As I work with organizational leaders, I often hear of the disconnection that occurs between the visionary, "big picture" people and the folks that have to work with all the details, get them right, and double-check them. The "big picture" leaders don't want to be dragged down into the "who's going to provide the soft drinks for the company picnic" kinds of conversations; the folks responsible for day-to-day details often perceive that the "big picture" leader doesn't really have any idea what it takes to actually implement the big idea they proposed.
This disconnection leads to much of the systematic dysfunction in enterprises of various shapes and sizes. Different work styles, different positional needs, different personality types required to perform specific roles within the organization all conspire to break down organizational communication and breed resentment. Many organizations institutionalize the mistrust that then takes root through a raft of policies flowing one direction and a raft of "if I were the boss for a day, I would..." conversations swirling in another. This reinforces the resentment and dysfunctions, and, in some industries, gives way to truly institutionalized mistrust, overlaid with anger, in a union-management dynamic.
It doesn't have to go that far, though. In many organizations, leaders are conscious of at least part of what they do not know, and do their best to invite feedback and input from those affected - at least as far as they can see it. Nevertheless, when taking on certain projects outside the leader's core expertise, implementation of changes, new initiatives, products, or services can be tricky, since the leader may not have the experience to know (or intuit) what a specific project will take.
This intersection of strategy and implementation is often the most complex part of an enterprise - whether it is a board-driven, executive-driven, or management-driven organization. Whoever strikes a visionary path must maintain enough perspective not to get too entangled in the underbrush of details. Nevertheless, for a significant portion of the organization, those details are what makes the products or services actually work, maintains their quality, and allows the enterprise to walk toward the visionary's goal. It is essential, then, that both aspects - the strategy and the implementation - receive due attention.
I find that I do some of my most exciting work at this intersection of strategy and implementation. Helping a leader find ways to achieve his or her goals, and helping those in the organization tasked with implementing to see the value they have and the role they play in achieving those goals as they learn new skills or re-design procedures - these things together build strong, healthy organizations that can achieve their goals and positively impact their workers, customers, shareholders, stakeholders and communities.
When an enterprise has clear goals, it is able to map out a strategy that involves multiple threads at once, all leading toward the stated goals and purpose. This may be part of a larger strategy, as when a new initiative is launched within a set of products or services, or it may be the overarching strategy for the whole organization.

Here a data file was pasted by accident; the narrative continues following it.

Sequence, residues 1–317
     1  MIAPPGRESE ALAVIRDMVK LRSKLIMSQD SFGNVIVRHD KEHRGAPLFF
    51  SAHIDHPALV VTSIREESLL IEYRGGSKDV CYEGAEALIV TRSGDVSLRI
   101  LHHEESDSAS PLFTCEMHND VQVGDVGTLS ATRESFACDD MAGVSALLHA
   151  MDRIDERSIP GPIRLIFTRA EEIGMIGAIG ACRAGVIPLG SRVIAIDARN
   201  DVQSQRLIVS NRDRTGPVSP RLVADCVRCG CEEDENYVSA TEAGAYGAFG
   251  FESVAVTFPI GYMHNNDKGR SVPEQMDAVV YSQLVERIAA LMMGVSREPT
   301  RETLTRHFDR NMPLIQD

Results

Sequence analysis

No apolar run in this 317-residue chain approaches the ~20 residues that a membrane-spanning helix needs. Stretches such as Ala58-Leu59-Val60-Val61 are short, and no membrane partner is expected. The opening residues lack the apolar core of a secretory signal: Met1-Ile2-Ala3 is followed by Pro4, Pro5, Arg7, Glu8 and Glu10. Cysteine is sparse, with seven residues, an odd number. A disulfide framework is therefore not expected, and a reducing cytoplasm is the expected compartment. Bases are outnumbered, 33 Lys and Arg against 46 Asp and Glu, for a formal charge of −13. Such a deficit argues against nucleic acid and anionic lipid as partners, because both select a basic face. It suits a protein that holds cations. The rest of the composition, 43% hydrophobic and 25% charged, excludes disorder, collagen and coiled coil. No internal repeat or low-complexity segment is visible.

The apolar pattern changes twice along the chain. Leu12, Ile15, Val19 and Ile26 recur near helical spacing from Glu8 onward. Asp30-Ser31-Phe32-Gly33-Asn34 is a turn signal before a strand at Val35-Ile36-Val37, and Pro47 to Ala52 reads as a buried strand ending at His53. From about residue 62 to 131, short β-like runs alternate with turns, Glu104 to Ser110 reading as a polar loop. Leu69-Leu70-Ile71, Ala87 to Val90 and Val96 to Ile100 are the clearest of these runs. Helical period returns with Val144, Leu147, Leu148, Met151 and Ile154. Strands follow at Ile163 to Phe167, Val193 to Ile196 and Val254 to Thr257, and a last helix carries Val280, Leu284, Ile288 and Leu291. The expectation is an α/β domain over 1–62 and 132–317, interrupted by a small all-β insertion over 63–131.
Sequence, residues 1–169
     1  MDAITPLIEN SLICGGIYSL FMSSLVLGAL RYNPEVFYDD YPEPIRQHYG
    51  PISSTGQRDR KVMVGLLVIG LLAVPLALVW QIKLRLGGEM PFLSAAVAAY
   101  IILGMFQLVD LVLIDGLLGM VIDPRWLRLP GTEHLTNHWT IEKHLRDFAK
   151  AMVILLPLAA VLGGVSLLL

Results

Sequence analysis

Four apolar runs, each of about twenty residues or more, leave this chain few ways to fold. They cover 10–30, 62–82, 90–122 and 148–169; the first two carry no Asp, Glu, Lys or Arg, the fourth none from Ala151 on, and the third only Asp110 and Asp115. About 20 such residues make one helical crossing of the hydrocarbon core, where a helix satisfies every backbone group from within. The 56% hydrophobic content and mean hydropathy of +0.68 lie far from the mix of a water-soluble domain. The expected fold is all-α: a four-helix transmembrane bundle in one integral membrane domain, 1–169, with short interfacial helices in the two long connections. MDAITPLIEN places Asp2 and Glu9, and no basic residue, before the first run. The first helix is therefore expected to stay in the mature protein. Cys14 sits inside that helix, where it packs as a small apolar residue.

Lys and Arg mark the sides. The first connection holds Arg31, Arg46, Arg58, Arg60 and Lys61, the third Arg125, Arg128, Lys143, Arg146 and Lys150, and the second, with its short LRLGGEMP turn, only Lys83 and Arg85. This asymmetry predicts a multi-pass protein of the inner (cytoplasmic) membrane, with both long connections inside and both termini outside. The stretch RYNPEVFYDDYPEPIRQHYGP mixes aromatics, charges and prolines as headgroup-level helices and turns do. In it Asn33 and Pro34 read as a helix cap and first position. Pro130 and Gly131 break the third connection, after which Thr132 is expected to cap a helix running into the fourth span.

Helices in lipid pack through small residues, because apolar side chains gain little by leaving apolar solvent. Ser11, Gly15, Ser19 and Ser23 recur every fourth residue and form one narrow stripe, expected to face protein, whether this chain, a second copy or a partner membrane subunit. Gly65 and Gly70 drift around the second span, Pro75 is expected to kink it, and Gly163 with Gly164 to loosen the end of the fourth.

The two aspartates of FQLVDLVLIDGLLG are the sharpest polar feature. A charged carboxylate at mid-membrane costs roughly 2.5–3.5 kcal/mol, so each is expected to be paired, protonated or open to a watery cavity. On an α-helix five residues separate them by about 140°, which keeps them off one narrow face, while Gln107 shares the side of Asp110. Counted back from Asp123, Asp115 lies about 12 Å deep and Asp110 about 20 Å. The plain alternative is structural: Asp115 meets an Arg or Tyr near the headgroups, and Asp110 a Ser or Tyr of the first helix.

Developing a strategy often involves idea generation at a high level, while implementation involves actually getting the strategy moving. When we work at the intersection of strategy and implementation, we find that the idea generation for what needs to be done to accomplish goals must give way quickly to the specifics of taking action. In terms of how we typically work, this moves from "what are the goals and objectives?" to "what outcomes and deliverables will get us there?" and from that to "what do we need to do, specifically, to accomplish the outcomes and deliverables, and therefore the goals and objectives?"
In many scenarios, we discover that leaders are working without adequate information - that key items they need for making decisions aren't available to them. Straddling the line between strategy and implementation helps leaders determine which items are data-gathering problems and which are emergent - that is, which information will only come to light as things move forward (emergent), versus the information that already exists that may not be either collected or reported in a manner that is helpful for decisions (data-gathering).
Consultants often work in this space - this intersection between strategy and implementation. We often serve as those bridging organizational gaps as we help leaders wrestle with how to achieve their goals. Consultants even help organizations build in structures for internal consultation around strategy and implementation - so they don't need outside consultants in the long term. In any case, the dynamics of this intersection are often complex, and getting them right often leads to greater organizational health and greater capacity to achieve the organization's goals. Whether using consultants or not, enterprises are well served to get this intersection right. What are your intentions for work at that intersection of strategy and implementation?
Does this kind of work excite you? Then let's discuss how we could work together. Is this the kind of work you realize your organization needs? We'd be glad to discuss how we might help you in your intersection of strategy and implementation.